Fall is right around the corner. Fall beers fill store shelves, Halloween and Thanksgiving are fast approaching and my favorite form of casualwear — jeans and a hoodie — is socially acceptable. It also means that football season is here.
That doesn’t just mean watching my Hawkeyes and Bears every Saturday and Sunday. It’s planning 11 a.m. trips to sports bars, road trips to the college stadiums in the middle of nowhere, and adjusting fantasy lineups — all of which border on clinical obsession. Based on the attention and cash paid to the NCAA and NFL, I know I’m not the only American who spends half their year this way and I’m also sure many of them feel as guilty about it as I do.
Heading into this season, public opinion on the NFL and NCAA football is at an all-time low.
Last year, the NFL faced a number of PR nightmares with video of now-former Ravens running back Ray Rice punching out his wife and dragging her out of a casino elevator surfacing. Before those images leaked, the NFL saw fit to only suspend Rice for two games. But once the video footage was released, he was suspended and released by the Ravens. Greg Hardy and Ray McDonald faced similar charges and Minnesota Vikings running back Adrian Peterson was suspended all of last year after abusing his son. Many blame NFL Commissioner Roger Goodell for treating those situations as PR issues, rather than human concerns.
Equally controversial, the NCAA, college conferences and individual schools have been under close examination for generating billions of dollars in revenue, while the players see little money beyond their scholarships and a meal stipend. (Few of those scholarships are fulfilled through four years, as players leave school early to join the professional ranks.)
Finally, there’s also the risk of injury which has led to some frightening results as multiple players have suffered memory loss, brain damage and even depression, leading some to commit suicide. Despite all of this, football and the two largest organizations for which the game is played are at an all-time high in terms of popularity and profits.
In a world where money speaks louder than any tweet or Facebook post, I’m usually a strong proponent of consumers voting with their wallets. When possible, I’ve stayed clear of movies, TV shows, video games and websites when I feel they aren’t delivering the right product. Yet here I am listening to fantasy football podcasts in preparation after three drafts, buying new Bears and Hawkeye hats, and seeing if I can plan a weekend during which I see Iowa play Northwestern and make a trip to Detroit to see the Bears in the same weekend.
Yet if any other of my hobbies were tied to the types of offenses mentioned above, I would make significant changes in my habits. Call me a hypocrite if you want, but by that standard, America is full of such people. That doesn’t exonerate us but that fact speaks to the power of the game when it’s played at the highest level as we continue to hand over our money, directly and indirectly, making the game a billion dollar industry.
The most hardcore sports nerds — I mean “fans” — rival those of movies, comic books, video games and music. which can bring out the best and worst in people. We love being part of something larger than ourselves and with four major U.S. sports, we have a lot of options for community celebration. This often allows for Rashomon-like conversations where we share where we were when x-event happened and what we did to either celebrate victories or wallow in defeat.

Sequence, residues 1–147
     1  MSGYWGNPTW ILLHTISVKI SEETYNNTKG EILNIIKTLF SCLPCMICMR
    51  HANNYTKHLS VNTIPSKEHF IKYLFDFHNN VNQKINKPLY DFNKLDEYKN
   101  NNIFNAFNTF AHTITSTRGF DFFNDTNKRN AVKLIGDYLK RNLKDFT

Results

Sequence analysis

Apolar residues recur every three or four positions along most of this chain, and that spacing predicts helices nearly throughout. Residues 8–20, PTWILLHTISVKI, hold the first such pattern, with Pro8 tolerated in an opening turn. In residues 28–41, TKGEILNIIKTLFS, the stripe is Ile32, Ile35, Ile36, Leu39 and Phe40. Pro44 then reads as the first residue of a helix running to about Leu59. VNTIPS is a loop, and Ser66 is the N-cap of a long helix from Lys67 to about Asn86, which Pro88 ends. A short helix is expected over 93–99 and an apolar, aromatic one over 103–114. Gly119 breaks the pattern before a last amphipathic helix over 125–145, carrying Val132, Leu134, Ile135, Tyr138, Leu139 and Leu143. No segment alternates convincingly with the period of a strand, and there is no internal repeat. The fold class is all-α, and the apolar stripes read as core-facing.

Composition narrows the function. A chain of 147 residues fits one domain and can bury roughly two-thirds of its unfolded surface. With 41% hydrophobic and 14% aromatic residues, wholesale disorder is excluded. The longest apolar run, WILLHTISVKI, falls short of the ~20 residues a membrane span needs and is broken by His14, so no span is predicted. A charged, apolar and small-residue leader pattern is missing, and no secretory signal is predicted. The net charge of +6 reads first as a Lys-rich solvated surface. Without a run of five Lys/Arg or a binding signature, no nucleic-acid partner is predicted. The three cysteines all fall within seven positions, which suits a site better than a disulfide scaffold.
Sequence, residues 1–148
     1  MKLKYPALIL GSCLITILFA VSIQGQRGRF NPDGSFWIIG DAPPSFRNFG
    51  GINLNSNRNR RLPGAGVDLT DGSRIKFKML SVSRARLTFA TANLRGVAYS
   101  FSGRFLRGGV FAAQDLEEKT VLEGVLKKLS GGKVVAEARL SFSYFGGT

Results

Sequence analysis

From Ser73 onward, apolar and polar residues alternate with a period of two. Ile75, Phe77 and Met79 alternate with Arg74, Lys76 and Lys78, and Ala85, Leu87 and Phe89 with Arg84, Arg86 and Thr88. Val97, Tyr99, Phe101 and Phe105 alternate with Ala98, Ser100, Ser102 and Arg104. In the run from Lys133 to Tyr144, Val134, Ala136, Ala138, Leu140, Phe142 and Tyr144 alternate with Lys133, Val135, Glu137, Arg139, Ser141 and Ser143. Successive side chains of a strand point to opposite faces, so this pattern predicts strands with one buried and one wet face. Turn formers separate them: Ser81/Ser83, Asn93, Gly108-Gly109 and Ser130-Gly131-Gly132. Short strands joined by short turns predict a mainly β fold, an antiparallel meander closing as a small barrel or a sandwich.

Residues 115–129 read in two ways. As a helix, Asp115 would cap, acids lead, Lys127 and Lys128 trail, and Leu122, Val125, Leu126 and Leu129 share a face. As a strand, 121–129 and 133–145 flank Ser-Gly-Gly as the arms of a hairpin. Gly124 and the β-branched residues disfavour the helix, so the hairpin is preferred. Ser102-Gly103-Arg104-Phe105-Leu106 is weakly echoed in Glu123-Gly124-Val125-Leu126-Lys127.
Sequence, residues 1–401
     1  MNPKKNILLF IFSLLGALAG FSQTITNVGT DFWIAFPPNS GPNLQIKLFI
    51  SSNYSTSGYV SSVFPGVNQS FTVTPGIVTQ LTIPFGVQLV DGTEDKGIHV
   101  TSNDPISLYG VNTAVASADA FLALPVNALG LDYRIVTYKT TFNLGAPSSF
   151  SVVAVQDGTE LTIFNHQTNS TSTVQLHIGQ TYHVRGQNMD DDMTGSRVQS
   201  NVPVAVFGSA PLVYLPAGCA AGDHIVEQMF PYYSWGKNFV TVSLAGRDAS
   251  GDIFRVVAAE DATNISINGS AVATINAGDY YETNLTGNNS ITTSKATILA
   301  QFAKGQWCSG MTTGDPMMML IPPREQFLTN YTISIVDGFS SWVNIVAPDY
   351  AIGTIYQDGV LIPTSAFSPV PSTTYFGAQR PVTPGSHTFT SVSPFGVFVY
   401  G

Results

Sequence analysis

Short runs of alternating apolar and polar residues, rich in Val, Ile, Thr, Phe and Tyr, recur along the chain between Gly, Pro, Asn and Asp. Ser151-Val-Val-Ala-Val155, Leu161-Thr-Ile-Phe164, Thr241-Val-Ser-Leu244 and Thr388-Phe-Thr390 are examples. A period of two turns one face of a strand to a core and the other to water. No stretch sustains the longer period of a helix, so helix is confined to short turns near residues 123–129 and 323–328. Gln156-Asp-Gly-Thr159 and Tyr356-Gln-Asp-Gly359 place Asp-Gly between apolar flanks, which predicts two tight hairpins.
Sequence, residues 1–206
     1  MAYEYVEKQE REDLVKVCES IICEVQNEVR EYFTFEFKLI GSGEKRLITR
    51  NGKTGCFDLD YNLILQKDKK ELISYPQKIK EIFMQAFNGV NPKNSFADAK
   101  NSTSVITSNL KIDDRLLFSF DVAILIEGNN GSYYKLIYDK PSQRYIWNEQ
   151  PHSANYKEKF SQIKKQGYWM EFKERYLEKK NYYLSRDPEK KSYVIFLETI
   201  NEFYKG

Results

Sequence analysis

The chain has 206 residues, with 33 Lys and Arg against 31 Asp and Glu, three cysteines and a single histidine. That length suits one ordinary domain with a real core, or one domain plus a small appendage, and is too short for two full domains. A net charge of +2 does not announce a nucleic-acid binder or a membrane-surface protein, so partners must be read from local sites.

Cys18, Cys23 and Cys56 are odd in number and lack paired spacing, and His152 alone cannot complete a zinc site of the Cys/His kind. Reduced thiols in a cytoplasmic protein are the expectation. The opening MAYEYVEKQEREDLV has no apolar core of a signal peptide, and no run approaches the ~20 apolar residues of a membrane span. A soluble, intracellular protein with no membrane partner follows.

The commercial embedded above is an example of the height of that joy. Along with the joy of victory, there’s nearly as much to be had in sharing in the misery of defeat, whether it’s at the game, a sports bar or a friend’s apartment.
Fantastic human interest stories often surround sports as well, whether it’s the exaggerated story in Rudy, Michael Jordan’s “Flu Game,” or even Brett Favre passing for 399 yards and four touchdowns on Monday Night Football one day after his father’s passing. The drama from the games can be equally as compelling. I’ll never forget watching Vince Young and the Texas Longhorns taking down top-ranked USC in the 2006 BCS championship game or knowing that every week, Friday Night Lights would give me that feeling. The opening prologue to this year’s Madden NFL 16 perfectly captures that feeling.
The first college football game dates back to 1869 and while none of today’s fans remember that season, football is steeped in our cultural traditions. Part of this is because the American brand of the game is exclusive to North America. Baseball might have the “American Pastime” title, but there’s no question that football is the game with which our country identifies.
This season, the NFL will hold Super Bowl 50 and throughout the season, we can expect to see even more NFL Films highlights than in a normal season. While this is largely due to the league’s desire to emphasize its rich history, we still eat it up because it gives our dedication meaning. Football feels important when it’s really just a game that’s insignificant compared to the issues many people have with it right now.
Despite all those reasons I love the game, poor player behavior, even worse management from NFL officials, and player exploitation in college all stick in the back of my mind. Yet there are no signs of fans slowing down. And judging by the constantly rising revenue for the NFL and NCAA, that’s not changing anytime soon. If the events of last season weren’t enough to lose fans, it looks like anything short of mass genocide is fair game. I hope both organizations do what they can to make up for their transgressions, even though fans — including this one —have made it clear that such measures aren’t necessary.